Read more at … https://www.npr.org/2021/05/16/996858744/houses-of-worship-grapple-with-the-vaxxed-and-unvaxxed-divide?

If you would like to discover best practices for Growing the Post-pandemic Church check out the book here: https://www.amazon.com/Growing-Post-pandemic-Church-Leadership-church-Guides/dp/

GROWING THE POST-PANDEMIC CHURCH & Some churches experiment with Communion options

by David Paulson, 12/18/20.

…On Sunday evenings during Advent, the Rev. Ian Burch, St. Mark’s rector, consecrates take-home Communion kits during a brief service of Holy Eucharist, celebrated with just a few church volunteers. Then from 4 to 7 p.m., he greets parishioners at the front door and directs them to a path threading around the nave past prayer stations and devotional artworks. Before leaving the church, they stop at the right of the altar where a table is set up to hold the kits.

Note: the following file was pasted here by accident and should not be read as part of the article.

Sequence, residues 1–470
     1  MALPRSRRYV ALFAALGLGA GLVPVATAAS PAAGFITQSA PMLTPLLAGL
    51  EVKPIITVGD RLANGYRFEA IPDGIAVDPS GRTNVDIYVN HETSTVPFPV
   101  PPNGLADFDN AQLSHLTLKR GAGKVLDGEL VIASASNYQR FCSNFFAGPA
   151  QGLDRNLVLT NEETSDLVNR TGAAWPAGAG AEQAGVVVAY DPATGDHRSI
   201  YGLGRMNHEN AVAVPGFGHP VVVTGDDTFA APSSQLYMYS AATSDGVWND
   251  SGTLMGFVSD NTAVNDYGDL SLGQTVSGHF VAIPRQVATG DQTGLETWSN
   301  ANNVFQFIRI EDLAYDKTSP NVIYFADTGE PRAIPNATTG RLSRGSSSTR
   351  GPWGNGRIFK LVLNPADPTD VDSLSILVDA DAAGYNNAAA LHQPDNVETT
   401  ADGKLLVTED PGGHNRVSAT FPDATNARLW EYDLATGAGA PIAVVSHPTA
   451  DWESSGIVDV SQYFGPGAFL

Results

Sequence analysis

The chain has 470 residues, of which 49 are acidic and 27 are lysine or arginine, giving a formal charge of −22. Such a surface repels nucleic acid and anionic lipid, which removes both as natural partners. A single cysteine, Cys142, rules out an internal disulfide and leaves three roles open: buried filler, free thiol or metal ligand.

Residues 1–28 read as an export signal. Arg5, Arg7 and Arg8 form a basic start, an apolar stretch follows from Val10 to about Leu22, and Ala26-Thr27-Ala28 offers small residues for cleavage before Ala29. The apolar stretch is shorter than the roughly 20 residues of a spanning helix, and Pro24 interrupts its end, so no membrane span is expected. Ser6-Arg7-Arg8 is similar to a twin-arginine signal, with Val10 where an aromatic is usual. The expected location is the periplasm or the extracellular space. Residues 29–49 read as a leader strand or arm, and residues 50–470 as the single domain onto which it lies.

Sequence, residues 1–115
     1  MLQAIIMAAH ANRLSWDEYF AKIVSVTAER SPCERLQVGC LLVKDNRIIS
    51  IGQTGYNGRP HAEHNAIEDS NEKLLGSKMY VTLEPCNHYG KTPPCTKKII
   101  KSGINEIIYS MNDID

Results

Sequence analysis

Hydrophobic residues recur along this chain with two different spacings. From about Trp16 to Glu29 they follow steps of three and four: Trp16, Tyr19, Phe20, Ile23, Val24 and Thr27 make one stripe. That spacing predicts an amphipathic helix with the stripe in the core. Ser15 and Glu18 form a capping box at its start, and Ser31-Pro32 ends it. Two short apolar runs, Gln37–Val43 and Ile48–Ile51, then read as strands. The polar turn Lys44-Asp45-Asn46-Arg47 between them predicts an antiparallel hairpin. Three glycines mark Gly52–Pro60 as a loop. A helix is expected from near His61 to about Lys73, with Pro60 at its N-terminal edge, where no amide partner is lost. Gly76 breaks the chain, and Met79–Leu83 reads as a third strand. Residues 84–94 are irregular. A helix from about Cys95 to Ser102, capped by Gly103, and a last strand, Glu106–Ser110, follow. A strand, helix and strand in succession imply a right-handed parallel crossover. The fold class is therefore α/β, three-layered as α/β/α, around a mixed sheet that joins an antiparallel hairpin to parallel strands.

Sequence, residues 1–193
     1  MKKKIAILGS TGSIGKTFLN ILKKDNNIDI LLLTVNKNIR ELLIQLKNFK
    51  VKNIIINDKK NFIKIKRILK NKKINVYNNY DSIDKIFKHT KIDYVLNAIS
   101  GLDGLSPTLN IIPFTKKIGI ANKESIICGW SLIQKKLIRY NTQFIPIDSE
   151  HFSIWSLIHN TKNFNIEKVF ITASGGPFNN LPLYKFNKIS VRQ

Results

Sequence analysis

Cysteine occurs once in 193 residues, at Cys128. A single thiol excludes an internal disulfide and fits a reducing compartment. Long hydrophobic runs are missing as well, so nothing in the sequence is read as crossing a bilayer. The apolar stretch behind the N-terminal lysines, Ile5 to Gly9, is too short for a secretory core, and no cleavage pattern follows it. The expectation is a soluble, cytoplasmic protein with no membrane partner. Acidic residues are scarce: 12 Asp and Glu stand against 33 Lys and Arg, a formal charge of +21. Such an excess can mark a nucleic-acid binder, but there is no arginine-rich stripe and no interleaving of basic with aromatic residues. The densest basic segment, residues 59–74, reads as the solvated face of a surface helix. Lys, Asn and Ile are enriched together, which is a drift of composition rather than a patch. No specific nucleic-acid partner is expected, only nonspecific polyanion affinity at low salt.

…Some congregations, after choosing to forego Communion for most of the pandemic due to the public health risks, have begun experimenting with a return to the practice.

… The Rev. David Cox, rector of St. Michael and All Angels Episcopal Church in Mission, Kansas, a Kansas City suburb, felt parishioners’ longing for Communion after worshipping only online for months this year

…In Kansas, Cox is preparing St. Michael and All Angels for a unique Christmas Eve offering. Parishioners will be invited to park outside the church and tune their radios to the service of Holy Eucharist, which will be broadcast on a personalized frequency using an FM radio transmitter that the church purchased for little more than $100.

After consecrating the Communion bread, Cox will bring it outside and distribute it to worshippers in the parking lot. It may not be ideal, Cox said, but it is as close as his parishioners will get to experiencing a traditional Christmas Eve Eucharist this year.